000000fc0071d610 00007ff948e9dece Microsoft.Web.WebSockets.WebSocketHandler.ProcessWebSocketRequestAsync(System.Web.WebSockets.AspNetWebSocketContext, System.Func`1>)
000000fc0071d6d0 00007ff949024c4d System.Web.WebSocketPipeline+c__DisplayClass9_0.b__0(System.Object)
000000fc0071d730 00007ff9490243f1 System.Web.Util.SynchronizationHelper.SafeWrapCallback(System.Action)
000000fc0071d780 00007ff9490242b6 System.Web.Util.SynchronizationHelper.QueueSynchronous(System.Action)
000000fc0071d7e0 00007ff949022da1 System.Web.WebSocketPipeline+d__9.MoveNext()
000000fc0071d870 00007ff94902268f System.Runtime.CompilerServices.AsyncTaskMethodBuilder`1[[System.__Canon, mscorlib]].Start[[System.Web.WebSocketPipeline+d__9, System.Web]](d__9 ByRef)
000000fc0071d920 00007ff9490225df System.Web.WebSocketPipeline.ProcessRequestImplAsync()
000000fc0071d9e0 00007ff949022435 System.Web.WebSocketPipeline.ProcessRequest()
000000fc0071da30 00007ff947b6ceb0 System.Web.Hosting.PipelineRuntime.ProcessRequestNotificationHelper(IntPtr, IntPtr, IntPtr, Int32)
000000fc0071dbe0 00007ff947b6c3e4 System.Web.Hosting.PipelineRuntime.ProcessRequestNotification(IntPtr, IntPtr, IntPtr, Int32)
000000fc0071dc20 00007ff947b6b8ab DomainNeutralILStubClass.IL_STUB_ReversePInvoke(Int64, Int64, Int64, Int32)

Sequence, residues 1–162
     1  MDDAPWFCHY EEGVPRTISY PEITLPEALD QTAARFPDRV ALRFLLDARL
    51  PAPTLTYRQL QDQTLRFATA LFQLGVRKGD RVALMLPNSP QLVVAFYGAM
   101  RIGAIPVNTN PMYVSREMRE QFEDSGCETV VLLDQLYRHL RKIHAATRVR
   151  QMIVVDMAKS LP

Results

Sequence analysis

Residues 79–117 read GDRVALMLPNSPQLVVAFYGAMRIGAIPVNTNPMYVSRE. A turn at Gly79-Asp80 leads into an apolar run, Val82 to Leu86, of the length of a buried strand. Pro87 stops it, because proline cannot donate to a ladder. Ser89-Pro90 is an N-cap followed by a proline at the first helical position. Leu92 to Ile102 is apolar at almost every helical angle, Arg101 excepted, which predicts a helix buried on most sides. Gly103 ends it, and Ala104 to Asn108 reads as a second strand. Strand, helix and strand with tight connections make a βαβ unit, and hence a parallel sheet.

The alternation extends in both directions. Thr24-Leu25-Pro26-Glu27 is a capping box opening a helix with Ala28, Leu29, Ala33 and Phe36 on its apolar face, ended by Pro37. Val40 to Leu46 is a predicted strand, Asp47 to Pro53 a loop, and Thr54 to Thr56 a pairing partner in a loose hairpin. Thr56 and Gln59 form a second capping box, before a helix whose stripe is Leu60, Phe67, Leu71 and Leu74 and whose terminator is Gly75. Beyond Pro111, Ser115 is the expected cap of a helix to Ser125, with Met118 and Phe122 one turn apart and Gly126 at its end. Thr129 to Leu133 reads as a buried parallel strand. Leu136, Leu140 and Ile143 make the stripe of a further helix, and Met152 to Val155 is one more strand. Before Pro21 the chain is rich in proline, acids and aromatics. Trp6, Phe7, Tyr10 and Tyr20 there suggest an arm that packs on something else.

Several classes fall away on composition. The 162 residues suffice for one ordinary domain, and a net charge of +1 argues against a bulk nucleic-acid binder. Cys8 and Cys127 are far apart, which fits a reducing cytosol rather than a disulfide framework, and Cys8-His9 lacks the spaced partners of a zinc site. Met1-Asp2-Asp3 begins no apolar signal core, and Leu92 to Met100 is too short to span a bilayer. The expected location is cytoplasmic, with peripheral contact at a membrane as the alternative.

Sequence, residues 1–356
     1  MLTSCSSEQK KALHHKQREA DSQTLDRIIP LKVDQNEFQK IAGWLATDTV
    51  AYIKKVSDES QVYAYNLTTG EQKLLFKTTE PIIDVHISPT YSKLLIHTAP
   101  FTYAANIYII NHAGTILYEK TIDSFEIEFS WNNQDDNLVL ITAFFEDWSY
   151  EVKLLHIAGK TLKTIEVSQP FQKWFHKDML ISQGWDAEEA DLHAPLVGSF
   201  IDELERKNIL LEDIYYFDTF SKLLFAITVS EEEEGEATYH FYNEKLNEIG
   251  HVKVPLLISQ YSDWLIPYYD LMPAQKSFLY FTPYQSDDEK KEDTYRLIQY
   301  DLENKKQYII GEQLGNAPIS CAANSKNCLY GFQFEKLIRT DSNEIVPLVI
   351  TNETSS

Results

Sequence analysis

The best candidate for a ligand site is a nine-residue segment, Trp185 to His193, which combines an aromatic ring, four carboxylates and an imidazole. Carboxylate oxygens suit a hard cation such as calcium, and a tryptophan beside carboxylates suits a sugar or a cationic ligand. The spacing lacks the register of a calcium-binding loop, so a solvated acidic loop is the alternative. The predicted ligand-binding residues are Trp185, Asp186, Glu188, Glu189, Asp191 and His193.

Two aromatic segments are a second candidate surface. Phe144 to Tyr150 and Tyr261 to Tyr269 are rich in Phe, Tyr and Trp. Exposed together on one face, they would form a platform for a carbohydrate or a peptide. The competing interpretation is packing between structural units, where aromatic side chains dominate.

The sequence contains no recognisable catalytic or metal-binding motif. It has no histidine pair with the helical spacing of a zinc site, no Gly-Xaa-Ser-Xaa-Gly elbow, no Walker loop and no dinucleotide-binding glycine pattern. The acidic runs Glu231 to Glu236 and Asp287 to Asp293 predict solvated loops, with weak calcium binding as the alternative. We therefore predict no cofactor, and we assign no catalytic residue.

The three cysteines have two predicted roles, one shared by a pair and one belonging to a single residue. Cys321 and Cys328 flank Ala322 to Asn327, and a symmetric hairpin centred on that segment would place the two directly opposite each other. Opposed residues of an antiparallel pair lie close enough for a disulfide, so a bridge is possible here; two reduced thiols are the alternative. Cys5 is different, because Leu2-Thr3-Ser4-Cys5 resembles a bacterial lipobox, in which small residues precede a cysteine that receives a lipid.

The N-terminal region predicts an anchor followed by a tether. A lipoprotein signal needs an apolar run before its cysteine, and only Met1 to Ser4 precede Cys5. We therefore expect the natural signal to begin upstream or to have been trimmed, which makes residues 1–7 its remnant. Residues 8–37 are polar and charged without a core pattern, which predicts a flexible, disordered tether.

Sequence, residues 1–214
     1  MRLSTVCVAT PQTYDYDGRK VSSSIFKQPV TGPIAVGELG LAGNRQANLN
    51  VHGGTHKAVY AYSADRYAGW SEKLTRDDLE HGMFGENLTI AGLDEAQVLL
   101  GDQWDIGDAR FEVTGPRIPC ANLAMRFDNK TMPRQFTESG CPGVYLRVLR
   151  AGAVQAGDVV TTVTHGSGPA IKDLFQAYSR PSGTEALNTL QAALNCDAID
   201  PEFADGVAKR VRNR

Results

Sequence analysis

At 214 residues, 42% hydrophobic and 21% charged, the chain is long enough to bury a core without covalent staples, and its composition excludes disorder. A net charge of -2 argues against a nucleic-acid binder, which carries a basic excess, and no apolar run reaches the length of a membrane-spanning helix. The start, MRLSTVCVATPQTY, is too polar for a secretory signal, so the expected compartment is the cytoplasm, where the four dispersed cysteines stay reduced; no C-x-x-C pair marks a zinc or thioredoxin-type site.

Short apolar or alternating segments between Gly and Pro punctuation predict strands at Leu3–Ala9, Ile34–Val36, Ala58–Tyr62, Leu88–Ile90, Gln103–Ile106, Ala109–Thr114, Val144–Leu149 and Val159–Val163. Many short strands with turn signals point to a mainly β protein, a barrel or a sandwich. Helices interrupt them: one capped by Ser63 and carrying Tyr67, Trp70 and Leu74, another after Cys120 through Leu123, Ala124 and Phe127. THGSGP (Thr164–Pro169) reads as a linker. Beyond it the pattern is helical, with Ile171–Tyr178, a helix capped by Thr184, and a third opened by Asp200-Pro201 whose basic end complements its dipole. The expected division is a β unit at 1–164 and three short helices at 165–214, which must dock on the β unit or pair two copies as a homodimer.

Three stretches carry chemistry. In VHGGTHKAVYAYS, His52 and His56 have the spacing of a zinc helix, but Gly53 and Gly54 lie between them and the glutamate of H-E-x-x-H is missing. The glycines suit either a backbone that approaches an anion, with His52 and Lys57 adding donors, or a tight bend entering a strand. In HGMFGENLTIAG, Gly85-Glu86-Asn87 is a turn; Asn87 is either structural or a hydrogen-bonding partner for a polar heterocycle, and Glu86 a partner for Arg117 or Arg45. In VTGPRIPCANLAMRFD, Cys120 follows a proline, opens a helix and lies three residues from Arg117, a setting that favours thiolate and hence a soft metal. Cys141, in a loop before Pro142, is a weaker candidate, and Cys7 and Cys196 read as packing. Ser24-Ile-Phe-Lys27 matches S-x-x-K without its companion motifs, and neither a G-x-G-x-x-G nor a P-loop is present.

000000fc0071e420 00007ff9a6b07fde [InlinedCallFrame: 000000fc0071e420] System.Web.Hosting.UnsafeIISMethods.MgdIndicateCompletion(IntPtr, System.Web.RequestNotificationStatus ByRef)
000000fc0071e420 00007ff948157a7e [InlinedCallFrame: 000000fc0071e420] System.Web.Hosting.UnsafeIISMethods.MgdIndicateCompletion(IntPtr, System.Web.RequestNotificationStatus ByRef)
000000fc0071e3f0 00007ff948157a7e DomainNeutralILStubClass.IL_STUB_PInvoke(IntPtr, System.Web.RequestNotificationStatus ByRef)
000000fc0071e4b0 00007ff947b6cdc1 System.Web.Hosting.PipelineRuntime.ProcessRequestNotificationHelper(IntPtr, IntPtr, IntPtr, Int32)
000000fc0071e660 00007ff947b6c3e4 System.Web.Hosting.PipelineRuntime.ProcessRequestNotification(IntPtr, IntPtr, IntPtr, Int32)
000000fc0071e6a0 00007ff947b6b8ab DomainNeutralILStubClass.IL_STUB_ReversePInvoke(Int64, Int64, Int64, Int32)
000000fc0071e878 00007ff9a6b08233 [ContextTransitionFrame: 000000fc0071e878]

Similarly, this thread is waiting for a lock to be released as indicated at the top of its stack trace:

000000fc0071cf28 00007ff9b0540c6a [HelperMethodFrame: 000000fc0071cf28] System.Threading.Monitor.Enter(System.Object)

It gets tricky from this point on with Windbg at one cannot easily identify the lock identifies, which would have helped.  A deadlock means one thread is waiting for a lock to be released, but this thread also has acquiring and is holding a lock which another thread is waiting to be released.

So what can we make from the above?

It starts with thread 0x548 acquiring a lock on its call to RedisClient.Subscribe, let’s call this _redisMessageBusLock, as indicated below:

000000fc0353ce58 00007ff9b0540c6a [HelperMethodFrame_1OBJ: 000000fc0353ce58] System.Threading.Monitor.Enter(System.Object)
000000fc0353cf50 00007ff948ea067f Phreesia.Redis.Client.RedisClient.CheckForConnect()
000000fc0353cfc0 00007ff948ea05f0 Phreesia.Redis.Client.RedisClient.get_Subscriber()